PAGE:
[RFC v2 00/18] Refactor configuration of guest memory protection

David Gibson posted 18 patches 1 week ago
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git fetch https://github.com/patchew-project/qemu tags/patchew/20200521034304.340040-1-david@gibson.dropbear.id.au
Maintainers: "Michael S. Tsirkin" <mst@redhat.com>, Richard Henderson <rth@twiddle.net>, Eduardo Habkost <ehabkost@redhat.com>, Paolo Bonzini <pbonzini@redhat.com>, Marcel Apfelbaum <marcel.apfelbaum@gmail.com>, David Gibson <david@gibson.dropbear.id.au>
accel/kvm/kvm-all.c                    |  40 +--
accel/kvm/sev-stub.c                   |   5 -
accel/stubs/kvm-stub.c                 |  10 -
backends/Makefile.objs                 |   2 +
backends/guest-memory-protection.c     |  29 ++
hw/core/machine.c                      |  61 ++++-
hw/i386/pc_sysfw.c                     |   6 +-
include/exec/guest-memory-protection.h |  77 ++++++
include/hw/boards.h                    |   4 +-
include/sysemu/kvm.h                   |  17 --
include/sysemu/sev.h                   |   6 +-
target/i386/sev.c                      | 351 +++++++++++++------------
target/i386/sev_i386.h                 |  49 ----
target/ppc/Makefile.objs               |   2 +-
target/ppc/pef.c                       |  81 ++++++
15 files changed, 441 insertions(+), 299 deletions(-)
create mode 100644 backends/guest-memory-protection.c
create mode 100644 include/exec/guest-memory-protection.h
create mode 100644 target/ppc/pef.c

[RFC v2 00/18] Refactor configuration of guest memory protection

Posted by David Gibson 1 week ago
A number of hardware platforms are implementing mechanisms whereby the
hypervisor does not have unfettered access to guest memory, in order
to mitigate the security impact of a compromised hypervisor.

AMD's SEV implements this with in-cpu memory encryption, and Intel has
its own memory encryption mechanism.  POWER has an upcoming mechanism
to accomplish this in a different way, using a new memory protection
level plus a small trusted ultravisor.  s390 also has a protected
execution environment.

The current code (committed or draft) for these features has each
platform's version configured entirely differently.  That doesn't seem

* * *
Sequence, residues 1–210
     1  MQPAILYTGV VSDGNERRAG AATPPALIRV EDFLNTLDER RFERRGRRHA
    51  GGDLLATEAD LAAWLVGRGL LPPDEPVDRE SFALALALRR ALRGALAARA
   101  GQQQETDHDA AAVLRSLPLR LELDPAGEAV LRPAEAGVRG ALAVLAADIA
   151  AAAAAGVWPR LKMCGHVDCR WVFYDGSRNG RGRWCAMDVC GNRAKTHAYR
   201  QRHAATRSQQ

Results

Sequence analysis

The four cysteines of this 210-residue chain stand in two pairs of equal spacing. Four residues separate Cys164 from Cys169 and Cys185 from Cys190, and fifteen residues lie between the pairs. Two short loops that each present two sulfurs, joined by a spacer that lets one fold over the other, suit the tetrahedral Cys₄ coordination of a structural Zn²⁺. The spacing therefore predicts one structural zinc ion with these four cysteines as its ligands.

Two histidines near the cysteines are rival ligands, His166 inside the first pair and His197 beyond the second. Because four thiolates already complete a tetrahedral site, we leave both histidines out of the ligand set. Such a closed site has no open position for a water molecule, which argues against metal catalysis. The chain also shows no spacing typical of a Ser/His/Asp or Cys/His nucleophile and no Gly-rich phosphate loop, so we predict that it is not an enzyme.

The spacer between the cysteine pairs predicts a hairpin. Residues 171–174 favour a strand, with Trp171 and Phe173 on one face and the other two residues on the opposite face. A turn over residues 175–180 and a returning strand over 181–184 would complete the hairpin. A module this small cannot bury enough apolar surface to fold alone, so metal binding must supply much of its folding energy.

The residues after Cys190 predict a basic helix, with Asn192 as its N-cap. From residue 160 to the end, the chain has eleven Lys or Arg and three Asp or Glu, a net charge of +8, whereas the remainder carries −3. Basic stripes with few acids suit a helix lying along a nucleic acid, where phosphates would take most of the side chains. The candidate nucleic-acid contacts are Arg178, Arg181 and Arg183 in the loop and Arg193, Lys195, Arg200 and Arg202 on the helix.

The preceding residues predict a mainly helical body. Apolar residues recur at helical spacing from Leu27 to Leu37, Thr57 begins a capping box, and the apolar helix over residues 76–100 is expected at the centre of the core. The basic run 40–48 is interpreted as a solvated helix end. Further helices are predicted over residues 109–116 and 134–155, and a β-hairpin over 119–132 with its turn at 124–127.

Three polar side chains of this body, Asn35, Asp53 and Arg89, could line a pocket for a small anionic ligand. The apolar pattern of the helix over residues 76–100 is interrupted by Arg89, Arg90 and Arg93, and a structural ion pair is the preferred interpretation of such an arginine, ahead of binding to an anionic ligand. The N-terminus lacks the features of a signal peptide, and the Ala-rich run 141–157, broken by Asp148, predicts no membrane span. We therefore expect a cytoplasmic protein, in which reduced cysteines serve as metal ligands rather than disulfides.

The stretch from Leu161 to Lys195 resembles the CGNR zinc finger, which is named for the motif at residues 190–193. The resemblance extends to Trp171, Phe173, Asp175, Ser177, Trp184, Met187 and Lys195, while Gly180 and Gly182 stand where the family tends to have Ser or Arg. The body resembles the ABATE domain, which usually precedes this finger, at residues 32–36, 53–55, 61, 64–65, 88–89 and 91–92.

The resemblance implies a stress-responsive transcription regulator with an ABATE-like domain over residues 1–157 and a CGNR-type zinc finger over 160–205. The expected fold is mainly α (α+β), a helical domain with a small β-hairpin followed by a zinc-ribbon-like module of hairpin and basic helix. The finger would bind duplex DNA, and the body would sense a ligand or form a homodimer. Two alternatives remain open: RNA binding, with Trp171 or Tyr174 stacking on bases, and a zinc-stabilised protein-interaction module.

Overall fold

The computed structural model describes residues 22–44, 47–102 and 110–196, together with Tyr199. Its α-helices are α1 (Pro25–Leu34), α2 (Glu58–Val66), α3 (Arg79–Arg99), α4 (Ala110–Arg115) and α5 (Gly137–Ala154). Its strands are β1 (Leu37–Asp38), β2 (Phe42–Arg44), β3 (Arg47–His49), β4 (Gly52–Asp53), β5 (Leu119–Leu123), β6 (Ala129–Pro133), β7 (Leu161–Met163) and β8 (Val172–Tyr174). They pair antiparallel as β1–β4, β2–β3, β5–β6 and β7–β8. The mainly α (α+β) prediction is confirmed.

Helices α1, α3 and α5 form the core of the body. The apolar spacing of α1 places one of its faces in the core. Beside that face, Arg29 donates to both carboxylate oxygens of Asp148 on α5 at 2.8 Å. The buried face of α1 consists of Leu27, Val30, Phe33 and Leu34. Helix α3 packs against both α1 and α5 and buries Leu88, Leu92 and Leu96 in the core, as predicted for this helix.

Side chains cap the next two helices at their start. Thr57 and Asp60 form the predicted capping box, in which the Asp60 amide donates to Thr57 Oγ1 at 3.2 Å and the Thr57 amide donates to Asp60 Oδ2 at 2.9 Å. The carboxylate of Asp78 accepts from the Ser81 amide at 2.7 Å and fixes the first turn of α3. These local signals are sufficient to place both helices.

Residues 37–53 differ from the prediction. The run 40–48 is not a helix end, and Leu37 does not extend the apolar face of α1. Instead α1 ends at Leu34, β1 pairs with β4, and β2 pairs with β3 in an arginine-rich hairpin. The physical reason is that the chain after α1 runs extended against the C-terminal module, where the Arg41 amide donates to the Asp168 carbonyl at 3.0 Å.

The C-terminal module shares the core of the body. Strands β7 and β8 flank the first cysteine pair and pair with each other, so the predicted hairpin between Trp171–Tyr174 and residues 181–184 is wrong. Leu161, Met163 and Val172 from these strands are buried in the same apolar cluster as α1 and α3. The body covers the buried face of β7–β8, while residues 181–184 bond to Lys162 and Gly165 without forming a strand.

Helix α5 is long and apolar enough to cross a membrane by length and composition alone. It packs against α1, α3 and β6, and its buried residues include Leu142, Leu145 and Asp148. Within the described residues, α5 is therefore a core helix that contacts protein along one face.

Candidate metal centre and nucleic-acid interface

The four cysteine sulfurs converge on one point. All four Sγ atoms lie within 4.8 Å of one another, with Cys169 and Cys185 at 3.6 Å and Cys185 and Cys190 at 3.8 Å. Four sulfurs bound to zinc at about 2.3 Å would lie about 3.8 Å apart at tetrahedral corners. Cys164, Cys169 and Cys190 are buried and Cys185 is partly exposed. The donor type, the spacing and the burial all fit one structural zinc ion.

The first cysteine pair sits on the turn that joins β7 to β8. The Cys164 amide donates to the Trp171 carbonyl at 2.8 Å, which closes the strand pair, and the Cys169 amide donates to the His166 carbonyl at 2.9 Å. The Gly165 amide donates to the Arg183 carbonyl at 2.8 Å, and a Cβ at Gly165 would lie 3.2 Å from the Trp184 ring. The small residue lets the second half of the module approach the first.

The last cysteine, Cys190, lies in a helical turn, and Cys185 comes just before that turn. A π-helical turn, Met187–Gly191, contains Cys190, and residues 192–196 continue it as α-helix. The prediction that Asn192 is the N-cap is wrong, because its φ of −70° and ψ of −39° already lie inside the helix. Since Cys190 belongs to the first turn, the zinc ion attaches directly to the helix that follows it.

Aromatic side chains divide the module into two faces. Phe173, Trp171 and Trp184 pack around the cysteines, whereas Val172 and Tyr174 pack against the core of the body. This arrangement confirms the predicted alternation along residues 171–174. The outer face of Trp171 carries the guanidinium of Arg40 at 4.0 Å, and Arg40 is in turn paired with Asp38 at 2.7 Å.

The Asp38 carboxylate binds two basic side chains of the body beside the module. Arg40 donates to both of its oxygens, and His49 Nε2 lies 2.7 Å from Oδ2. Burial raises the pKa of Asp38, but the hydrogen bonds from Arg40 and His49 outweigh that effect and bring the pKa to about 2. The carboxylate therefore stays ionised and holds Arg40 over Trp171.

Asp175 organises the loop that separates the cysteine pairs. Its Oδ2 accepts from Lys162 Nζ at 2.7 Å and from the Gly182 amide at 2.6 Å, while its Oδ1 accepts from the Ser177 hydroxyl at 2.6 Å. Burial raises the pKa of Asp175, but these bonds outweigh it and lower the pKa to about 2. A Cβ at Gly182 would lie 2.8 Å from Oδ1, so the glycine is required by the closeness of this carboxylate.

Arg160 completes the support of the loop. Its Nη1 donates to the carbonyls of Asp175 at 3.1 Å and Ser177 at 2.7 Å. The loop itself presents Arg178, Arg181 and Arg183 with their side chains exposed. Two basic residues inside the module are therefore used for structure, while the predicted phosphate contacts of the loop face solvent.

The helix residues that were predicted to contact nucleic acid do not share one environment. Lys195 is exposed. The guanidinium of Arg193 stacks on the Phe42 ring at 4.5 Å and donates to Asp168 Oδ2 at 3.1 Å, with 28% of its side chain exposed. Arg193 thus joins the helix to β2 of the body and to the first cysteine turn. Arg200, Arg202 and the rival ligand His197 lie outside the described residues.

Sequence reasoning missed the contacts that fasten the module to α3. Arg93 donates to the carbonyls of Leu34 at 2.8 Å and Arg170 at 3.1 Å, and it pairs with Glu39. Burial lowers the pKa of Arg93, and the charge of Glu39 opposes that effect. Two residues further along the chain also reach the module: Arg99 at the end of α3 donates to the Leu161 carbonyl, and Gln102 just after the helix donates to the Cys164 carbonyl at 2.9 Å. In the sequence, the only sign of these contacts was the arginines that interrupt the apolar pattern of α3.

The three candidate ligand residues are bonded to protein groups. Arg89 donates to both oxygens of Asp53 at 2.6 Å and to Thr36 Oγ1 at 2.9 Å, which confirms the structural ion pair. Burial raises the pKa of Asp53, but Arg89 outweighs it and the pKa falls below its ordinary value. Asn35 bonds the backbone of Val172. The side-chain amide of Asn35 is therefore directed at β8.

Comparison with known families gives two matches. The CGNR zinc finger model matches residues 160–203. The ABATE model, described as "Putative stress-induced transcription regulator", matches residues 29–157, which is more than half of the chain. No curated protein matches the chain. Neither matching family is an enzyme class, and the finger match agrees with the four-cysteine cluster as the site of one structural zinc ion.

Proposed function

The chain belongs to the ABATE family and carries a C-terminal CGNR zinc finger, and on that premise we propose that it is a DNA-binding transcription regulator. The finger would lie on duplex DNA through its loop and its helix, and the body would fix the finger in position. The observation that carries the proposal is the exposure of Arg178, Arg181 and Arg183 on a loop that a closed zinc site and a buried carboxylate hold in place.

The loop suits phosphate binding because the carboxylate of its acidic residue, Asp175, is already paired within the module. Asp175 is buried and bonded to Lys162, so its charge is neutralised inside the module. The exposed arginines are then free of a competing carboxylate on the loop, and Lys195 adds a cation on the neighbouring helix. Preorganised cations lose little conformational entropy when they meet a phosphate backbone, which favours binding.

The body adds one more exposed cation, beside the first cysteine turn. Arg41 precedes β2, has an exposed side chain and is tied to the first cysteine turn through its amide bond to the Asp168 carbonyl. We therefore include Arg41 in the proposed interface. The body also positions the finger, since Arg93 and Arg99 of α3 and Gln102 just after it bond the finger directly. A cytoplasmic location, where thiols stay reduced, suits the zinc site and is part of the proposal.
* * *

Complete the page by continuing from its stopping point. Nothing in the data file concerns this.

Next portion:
ideal for users, or particularly for management layers.

AMD SEV introduces a notionally generic machine option
"machine-encryption", but it doesn't actually cover any cases other
than SEV.

This series is a proposal to at least partially unify configuration
for these mechanisms, by renaming and generalizing AMD's
"memory-encryption" property.  It is replaced by a
"guest-memory-protection" property pointing to a platform specific
object which configures and manages the specific details.

For now this series covers just AMD SEV and POWER PEF.  I'm hoping it
can be extended to cover the Intel and s390 mechanisms as well,
though.

Note: I'm using the term "guest memory protection" throughout to refer
to mechanisms like this.  I don't particular like the term, it's both
long and not really precise.  If someone can think of a succinct way
of saying "a means of protecting guest memory from a possibly
compromised hypervisor", I'd be grateful for the suggestion.

Changes since v1:
 * Rebased
 * Fixed some errors pointed out by Dave Gilbert

David Gibson (18):
  target/i386: sev: Remove unused QSevGuestInfoClass
  target/i386: sev: Move local structure definitions into .c file
  target/i386: sev: Rename QSevGuestInfo
  target/i386: sev: Embed SEVState in SevGuestState
  target/i386: sev: Partial cleanup to sev_state global
  target/i386: sev: Remove redundant cbitpos and reduced_phys_bits
    fields
  target/i386: sev: Remove redundant policy field
  target/i386: sev: Remove redundant handle field
  target/i386: sev: Unify SEVState and SevGuestState